Alexander craved love, but not of that sort. He thrived on friendship, which was why his relationship with Hephaistion was so successful. He loved Hephaistion, and had done so long before they had become lovers. He craved the little touches, the loving looks, the caring words. He craved physical love less—that was something that Hephaistion cared for more than he—and the idea of marriage to beget an heir appalled him. Perhaps he could be like his father one day; perhaps he could grow to long for the physical acts of love and produce many heirs. But the idea that a relationship with a wife could be like that between his father and mother—that was his biggest fear.
And at that time, he was content to be held by Hephaistion, to be cared for and loved by Hephaistion. For then, he could be content with the touch of Hephaistion, and the deep caring of equals—of friends and lovers, all at once. What more could he ask for?
There was a knock on his door, startling him out of his reverie. He needn't wonder who it was for long, for a familiar voice came through the door. "Alexander?" the voice implored gently, the sound muffled a bit by the door.
Alexander smiled slightly to himself, turning back to the window as he called, "Come in, Hephaistion. The door is not locked."
He could hear the door opening, but he didn't turn around. He could sense Hephaistion's presence in the room, though his attention was still turned to the scene outside the window. The sun had nearly set already, but Alexander found himself still transfixed by the sight.
Alexander felt his lover's presence more acutely as the taller man came to the window to stand next to him, staring out at the same scene wordlessly. They stood that way for a while, waiting for the sun to set and cast the landscape into darkness. It was a few minutes after Hephaistion arrived that Alexander slid his hand into Hephaistion's, still not turning his eyes from the window. He could almost feel Hephaistion's smile as his fingers tightened around the king's smaller hand. After a long moment, Hephaistion spoke.
"You are troubled, Alexander." The words were half statement, half question.
"Perhaps," Alexander said, turning away from the window finally. "Wine?" he asked, motioning to the bottle he had had brought in earlier. Hephaistion nodded and Alexander made his way over, pouring a glass for each of them. He handed one to Hephaistion, and they both took a small sip, Alexander making his way to sit on the edge of his bed. Hephaistion followed, sitting down next to him.
"You fear the prospect of marriage," Hephaistion said, and this time there was no question in his voice, only certainty. Alexander was hard-pressed to admit that he feared anything, but Hephaistion knew him better than anyone. He had no need to lie or keep parts of himself secret from Hephaistion. He had no fear of showing weakness to Hephaistion.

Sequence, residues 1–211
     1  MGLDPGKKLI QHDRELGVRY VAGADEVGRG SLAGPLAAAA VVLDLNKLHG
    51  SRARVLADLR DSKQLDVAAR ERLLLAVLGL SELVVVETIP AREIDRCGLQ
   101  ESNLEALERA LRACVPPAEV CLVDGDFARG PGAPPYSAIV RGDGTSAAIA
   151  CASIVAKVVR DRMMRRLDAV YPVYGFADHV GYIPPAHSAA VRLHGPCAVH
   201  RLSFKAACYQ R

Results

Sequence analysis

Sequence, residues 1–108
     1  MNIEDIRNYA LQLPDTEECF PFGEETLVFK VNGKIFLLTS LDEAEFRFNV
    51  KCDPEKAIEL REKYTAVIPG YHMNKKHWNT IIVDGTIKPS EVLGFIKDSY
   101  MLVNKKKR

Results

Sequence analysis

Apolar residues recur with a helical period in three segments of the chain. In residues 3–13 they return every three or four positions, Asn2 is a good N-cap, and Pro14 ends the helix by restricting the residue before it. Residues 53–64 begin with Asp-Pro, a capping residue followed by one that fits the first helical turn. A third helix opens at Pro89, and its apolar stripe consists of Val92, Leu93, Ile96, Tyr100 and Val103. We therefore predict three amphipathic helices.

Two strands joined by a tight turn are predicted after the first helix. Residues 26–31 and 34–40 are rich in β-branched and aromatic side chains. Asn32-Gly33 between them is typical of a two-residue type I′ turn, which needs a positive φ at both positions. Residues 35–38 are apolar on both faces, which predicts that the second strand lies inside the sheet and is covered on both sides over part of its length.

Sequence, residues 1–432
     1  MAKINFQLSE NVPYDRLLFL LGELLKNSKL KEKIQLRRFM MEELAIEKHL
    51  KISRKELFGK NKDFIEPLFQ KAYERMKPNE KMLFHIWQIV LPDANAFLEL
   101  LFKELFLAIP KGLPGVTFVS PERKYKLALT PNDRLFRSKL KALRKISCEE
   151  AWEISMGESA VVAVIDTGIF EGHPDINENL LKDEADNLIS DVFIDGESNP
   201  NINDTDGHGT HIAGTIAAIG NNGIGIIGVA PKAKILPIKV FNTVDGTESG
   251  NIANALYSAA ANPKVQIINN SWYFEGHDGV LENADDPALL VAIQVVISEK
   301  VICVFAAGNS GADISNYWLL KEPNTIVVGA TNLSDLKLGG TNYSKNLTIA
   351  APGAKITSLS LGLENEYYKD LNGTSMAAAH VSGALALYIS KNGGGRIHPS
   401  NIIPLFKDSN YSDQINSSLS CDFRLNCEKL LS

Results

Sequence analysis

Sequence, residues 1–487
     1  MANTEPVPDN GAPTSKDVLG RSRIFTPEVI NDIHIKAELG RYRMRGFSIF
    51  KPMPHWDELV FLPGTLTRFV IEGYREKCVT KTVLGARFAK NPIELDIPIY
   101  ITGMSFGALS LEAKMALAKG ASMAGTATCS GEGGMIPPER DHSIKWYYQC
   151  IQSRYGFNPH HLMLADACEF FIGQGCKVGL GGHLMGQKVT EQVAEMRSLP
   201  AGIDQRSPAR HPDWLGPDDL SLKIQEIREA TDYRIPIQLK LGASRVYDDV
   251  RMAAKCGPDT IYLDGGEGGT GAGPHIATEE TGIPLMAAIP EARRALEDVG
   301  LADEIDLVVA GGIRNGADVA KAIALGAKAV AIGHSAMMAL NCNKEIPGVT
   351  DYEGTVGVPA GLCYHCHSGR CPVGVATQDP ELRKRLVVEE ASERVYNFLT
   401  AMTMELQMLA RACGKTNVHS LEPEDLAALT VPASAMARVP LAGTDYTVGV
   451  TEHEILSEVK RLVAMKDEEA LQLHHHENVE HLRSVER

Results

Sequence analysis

"You have met my mother. You have seen my parents' marriage—my father's multiple others even. How could I not be afraid?" Alexander asked, taking another sip of his wine.
Hephaistion sighed, looking deeply into Alexander's eyes. "You are certainly not your father, Alexander, and I don't believe you ever could be. Not all marriages are quite like that of your parents."
"Ah—but do men not always marry women who remind them of their mothers?"
Hephaistion snorted into his drink, though it never struck Alexander to consider it unbecoming. "I don't think there's another woman like Olympias upon this earth," he breathed with a laugh. "And if there were, your mother would have her killed due to the competition."
Alexander's expression turned grave, though it was not because he was offended. He knew what type of woman his mother was; he had deluded himself in youth, but he saw her truly now. He'd seen her orchestrate enough murders to think it possible. Hephaistion obviously took his anger as such, though. He often spoke and acted rashly, but he regretted it more than any man Alexander had ever met.
"I'm sorry, Alexander. I didn't mean—"
"No, love. It's all right," Alexander assured the other man. "My mother is who she is—I cannot fool myself into believing she is something else. I'm mostly astounded that you seem as adamant as Antipater about this. You'd like to see me marry?"
Hephaistion sighed, taking a long sip of his wine. "What I'd like to see is irrelevant. You are king, and you can't ignore your duties. I can't say I don't think it foolish that you're willing to jeopardize your entire royal line and your kingdom, though."
The despondence of Hephaistion's tone prompted Alexander to action, taking Hephaistion's glass gently from his hand and setting them both away on the table. He moved then back to Hephaistion, resting his head in the crook of the other man's shoulder.
"But if it were up to you, what would you say?"
"I'd say that I'd like to keep you to myself. That I'll love you forever, better than any wife could. But I can't give you children, Alexander. I can't give you an heir."
Alexander smiled. "And so it shall be," he said, placing a gentle kiss to the side of Hephaistion's neck. Hephaistion's arm came around Alexander's back to settle upon his waist.
"You know that you'll one day have to marry, Alexander," Hephaistion said seriously. Alexander smiled into his lover's shoulder. Hephaistion was ever the practical one, the logical one. He could only go so far on impulse, except with the aid of drink. Alexander loved Hephaistion for that reason—for his heart, his mind.
Alexander moved from his head from its place on Hephaistion's shoulder, pulling back enough to look into the taller man's eyes once again. Hephaistion's gaze was uncertain, but he held Alexander's with the determination of a soldier. With a soft smile, Alexander reached out and cradled Hephaistion's cheek in his hand. Hephaistion leaned into the touch, drawn by Alexander's warmth and love.
"One day," Alexander agreed solemnly. "But that day is not today, and for now I grant you all my love, and I'm satisfied being just yours."
Hephaistion smiled back, and their lips met in a languid kiss, the dilemma of an heir to the Macedonian throne left to another day.